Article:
The improbable complexity of equid dentition


horse teeth

Equus caballus photo in the Public Domain

horse skull

Equus caballus skull photo © PD-self 


The teeth of the domestic horse are well-documented but poorly interpreted biologically. Instead of simply growing throughout life to replace wear, equid teeth achieve durability in surprisingly complicated ways. An entire lifetime’s worth of tooth mass forms by adulthood in equids, with the volume of the dentition stored inside the massive jaws occupying a volume of dental sockets collectively exceeding the volume of the cranium. As the chewing wears down the surfaces over a 20-year lifespan, the teeth compensate by gradually recoiling from the dental sockets. And there remains a need to create newly mineralised tissues because the bottoms of the sockets – vacated by this continuous ‘eruption’ of the teeth ¬– are reconfigured by breakdown and reconstruction of the bone.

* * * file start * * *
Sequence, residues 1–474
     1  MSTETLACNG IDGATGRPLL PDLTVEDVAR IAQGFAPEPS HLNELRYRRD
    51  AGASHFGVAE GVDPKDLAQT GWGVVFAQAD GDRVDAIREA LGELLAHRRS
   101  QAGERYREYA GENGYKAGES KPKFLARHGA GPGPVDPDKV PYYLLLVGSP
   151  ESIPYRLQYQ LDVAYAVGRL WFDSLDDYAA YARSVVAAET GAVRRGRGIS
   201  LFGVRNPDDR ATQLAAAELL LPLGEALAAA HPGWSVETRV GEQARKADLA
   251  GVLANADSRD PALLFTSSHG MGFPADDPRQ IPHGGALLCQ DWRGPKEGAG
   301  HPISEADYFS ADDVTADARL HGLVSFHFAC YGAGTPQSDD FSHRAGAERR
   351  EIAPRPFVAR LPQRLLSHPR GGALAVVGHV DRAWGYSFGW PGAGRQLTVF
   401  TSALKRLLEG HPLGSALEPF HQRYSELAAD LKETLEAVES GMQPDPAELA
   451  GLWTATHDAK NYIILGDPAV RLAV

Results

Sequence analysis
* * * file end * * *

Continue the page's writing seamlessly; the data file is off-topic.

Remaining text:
Robin and the Honey Badger, 8 January 2017